Main Content


Create constant-velocity linear Kalman filter for 2-D axis-aligned bounding box from detection report

Since R2024a



    filter = initvisionbboxkf(detection) creates and initializes a constant-velocity linear Kalman filter for 2-D axis-aligned bounding box from information contained in a detection report. For more details, see trackingKF.

    filter = initvisionbboxkf(detection,Name=Value) specifies filter properties using one or more name-value arguments. Unspecified properties have default values. For example, filter = initvisionbboxkf(detection,FrameRate=45) creates a Kalman filter object with a frame rate of 45 frames per second.


    collapse all

    Create a constant-velocity linear Kalman filter object, trackingKF, based on a 2-D bounding box, from a tracking video containing an initial detection report.

    Initialize Kalman Filter

    Define a bounding box with its lower left corner located at (200, 400), a width of 100 pixels and a height of 120 pixels. Create an objectDetection object based on this bounding box at the first frame.

    bbox = [200 400 100 120]; % [x y width height]
    detection = objectDetection(0,bbox);

    Specify the frame rate of the tracking video as 20 frames per second and the frame size as 800 by 600 pixels. Create and initialize a trackingKF object using the detection object, frame rate, and resolution.

    framerate = 20;
    framesize = [800 600];
    filter = initvisionbboxkf(detection,FrameRate=framerate,FrameSize=framesize)
    filter = 
      trackingKF with properties:
                       State: [8x1 double]
             StateCovariance: [8x8 double]
                 MotionModel: 'Custom'
        StateTransitionModel: [8x8 double]
                ControlModel: []
                ProcessNoise: [8x8 double]
            MeasurementModel: [4x8 double]
            MeasurementNoise: [4x4 double]
             MaxNumOOSMSteps: 0
             EnableSmoothing: 0

    Predict and Correct Next State

    Create a new bounding box, bbox2, at the second frame. Its lower left corner is located at (245, 275) while its width increases to 130 pixels and its height increases to 160 pixels.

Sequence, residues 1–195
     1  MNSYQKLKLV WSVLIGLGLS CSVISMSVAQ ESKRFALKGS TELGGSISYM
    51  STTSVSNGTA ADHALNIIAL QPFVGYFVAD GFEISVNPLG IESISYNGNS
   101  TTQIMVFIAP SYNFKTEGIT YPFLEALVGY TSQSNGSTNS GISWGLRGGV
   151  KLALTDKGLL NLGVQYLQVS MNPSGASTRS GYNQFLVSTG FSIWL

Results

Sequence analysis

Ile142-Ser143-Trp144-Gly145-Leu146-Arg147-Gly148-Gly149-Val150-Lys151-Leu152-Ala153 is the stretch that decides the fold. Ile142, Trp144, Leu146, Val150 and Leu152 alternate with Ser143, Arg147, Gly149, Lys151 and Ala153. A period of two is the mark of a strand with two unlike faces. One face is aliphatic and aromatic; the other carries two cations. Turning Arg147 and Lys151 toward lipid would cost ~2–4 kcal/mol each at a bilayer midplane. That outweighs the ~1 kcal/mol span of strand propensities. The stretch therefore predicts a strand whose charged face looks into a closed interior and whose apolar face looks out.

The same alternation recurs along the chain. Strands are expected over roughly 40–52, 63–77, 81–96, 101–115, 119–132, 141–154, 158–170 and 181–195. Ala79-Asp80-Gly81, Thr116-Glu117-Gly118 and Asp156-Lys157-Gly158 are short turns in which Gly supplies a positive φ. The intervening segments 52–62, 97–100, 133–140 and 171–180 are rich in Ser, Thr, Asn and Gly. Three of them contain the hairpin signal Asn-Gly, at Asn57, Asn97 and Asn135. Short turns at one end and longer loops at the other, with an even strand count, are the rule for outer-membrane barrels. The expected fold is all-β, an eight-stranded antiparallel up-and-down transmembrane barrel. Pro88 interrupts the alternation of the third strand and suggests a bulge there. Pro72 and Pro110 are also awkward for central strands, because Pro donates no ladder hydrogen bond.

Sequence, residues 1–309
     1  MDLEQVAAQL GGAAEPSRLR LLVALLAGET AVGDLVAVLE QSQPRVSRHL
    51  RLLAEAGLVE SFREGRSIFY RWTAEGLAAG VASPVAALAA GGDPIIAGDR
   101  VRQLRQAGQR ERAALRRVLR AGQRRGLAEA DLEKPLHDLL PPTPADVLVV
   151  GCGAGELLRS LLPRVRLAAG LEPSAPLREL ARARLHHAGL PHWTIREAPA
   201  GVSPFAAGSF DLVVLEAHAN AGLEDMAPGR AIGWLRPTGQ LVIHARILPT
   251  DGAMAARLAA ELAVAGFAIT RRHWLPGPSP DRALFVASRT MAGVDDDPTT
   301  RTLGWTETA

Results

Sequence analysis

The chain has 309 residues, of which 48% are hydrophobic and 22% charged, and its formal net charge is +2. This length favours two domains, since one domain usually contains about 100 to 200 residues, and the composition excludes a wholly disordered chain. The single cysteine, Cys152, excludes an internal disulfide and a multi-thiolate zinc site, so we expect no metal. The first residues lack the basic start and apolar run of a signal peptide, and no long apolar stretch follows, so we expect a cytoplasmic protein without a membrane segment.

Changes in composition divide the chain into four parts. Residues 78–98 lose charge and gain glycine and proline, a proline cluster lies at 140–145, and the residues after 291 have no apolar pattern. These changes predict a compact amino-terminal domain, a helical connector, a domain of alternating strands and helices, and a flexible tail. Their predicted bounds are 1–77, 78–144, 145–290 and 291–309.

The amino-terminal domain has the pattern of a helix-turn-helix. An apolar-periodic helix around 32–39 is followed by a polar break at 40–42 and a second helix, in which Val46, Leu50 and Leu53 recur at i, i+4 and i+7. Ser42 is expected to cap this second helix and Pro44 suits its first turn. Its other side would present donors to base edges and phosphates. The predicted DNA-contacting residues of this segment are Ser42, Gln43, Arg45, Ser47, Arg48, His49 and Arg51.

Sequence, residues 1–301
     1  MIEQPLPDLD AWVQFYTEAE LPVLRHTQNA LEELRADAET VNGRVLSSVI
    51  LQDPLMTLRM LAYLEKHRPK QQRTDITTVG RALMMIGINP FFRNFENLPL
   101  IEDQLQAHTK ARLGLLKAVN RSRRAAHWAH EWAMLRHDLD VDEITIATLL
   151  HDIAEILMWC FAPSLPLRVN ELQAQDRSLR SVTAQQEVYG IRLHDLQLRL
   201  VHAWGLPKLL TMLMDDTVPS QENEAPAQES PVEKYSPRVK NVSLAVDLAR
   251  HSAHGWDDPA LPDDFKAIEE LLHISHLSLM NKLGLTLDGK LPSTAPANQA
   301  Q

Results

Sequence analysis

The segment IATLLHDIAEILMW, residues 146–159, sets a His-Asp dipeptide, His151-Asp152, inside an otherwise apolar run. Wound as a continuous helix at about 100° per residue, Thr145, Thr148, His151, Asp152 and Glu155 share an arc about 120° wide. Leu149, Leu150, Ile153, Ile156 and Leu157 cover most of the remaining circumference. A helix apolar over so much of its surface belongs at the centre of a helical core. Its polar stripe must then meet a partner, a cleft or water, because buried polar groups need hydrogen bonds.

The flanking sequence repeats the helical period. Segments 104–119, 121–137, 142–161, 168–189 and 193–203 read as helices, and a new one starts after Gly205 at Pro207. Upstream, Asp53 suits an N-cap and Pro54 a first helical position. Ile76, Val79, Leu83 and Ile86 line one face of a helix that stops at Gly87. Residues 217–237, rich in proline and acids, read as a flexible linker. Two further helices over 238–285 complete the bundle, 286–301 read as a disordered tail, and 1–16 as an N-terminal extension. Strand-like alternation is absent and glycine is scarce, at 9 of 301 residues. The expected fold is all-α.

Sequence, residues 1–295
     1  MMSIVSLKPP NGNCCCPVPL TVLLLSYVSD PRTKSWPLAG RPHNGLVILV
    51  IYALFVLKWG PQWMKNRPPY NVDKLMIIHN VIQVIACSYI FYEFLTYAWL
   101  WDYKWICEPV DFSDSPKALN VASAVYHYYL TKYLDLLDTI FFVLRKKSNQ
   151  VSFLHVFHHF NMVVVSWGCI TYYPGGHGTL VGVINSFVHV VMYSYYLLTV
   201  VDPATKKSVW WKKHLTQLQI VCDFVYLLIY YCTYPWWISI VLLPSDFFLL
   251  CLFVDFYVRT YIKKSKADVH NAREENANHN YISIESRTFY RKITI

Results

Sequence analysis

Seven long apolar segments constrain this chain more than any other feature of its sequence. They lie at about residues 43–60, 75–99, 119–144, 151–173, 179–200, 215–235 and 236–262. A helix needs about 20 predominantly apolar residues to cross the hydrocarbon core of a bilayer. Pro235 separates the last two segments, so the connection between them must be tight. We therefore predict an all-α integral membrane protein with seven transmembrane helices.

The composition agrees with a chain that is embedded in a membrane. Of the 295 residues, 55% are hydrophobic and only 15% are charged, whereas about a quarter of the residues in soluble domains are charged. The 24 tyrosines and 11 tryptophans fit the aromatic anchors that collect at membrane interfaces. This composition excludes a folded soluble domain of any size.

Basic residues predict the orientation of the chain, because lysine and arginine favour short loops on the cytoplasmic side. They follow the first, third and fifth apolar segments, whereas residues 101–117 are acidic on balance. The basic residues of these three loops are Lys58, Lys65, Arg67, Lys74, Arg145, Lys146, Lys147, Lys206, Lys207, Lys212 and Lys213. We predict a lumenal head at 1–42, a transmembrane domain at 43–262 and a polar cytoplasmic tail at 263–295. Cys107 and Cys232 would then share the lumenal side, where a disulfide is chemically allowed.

bbox2 = [245 275 130 160];

    Predict the filter state of the second frame and correct it using bbox2. For more information about state prediction and correction, see objectDetection.

    estimatedState2 = predict(filter);
    correctedState2 = correct(filter,bbox2);

    Predict and display the filter state of the third frame.

    estimatedState3 = predict(filter) % [x vx y vy w vw h vh]'
    estimatedState3 = 8×1

    Plot the initial bounding box, the corrected bounding box position for the second frame, and the estimated bounding box positions for the second and third frames in the same figure. The estimated position for the second frame overlaps with the initial detection because the velocity of the initialized filter is null by default.

    xlim([0 framesize(1)])
    ylim([0 framesize(2)])
    hold on
    box on
    legend(["Initial detection" "Estimated position, 2nd frame" "Corrected position, 2nd frame" "Estimated position, 3rd frame"])

    function targetplot(state,fc,ls,fa)
    if length(state)>4

    Input Arguments

    collapse all

    Detection report, specified as an objectDetection object or a structure with fields Measurement and MeasurementNoise. Measurement must contain a four-element bounding box vector [x y w h] specified in pixels, where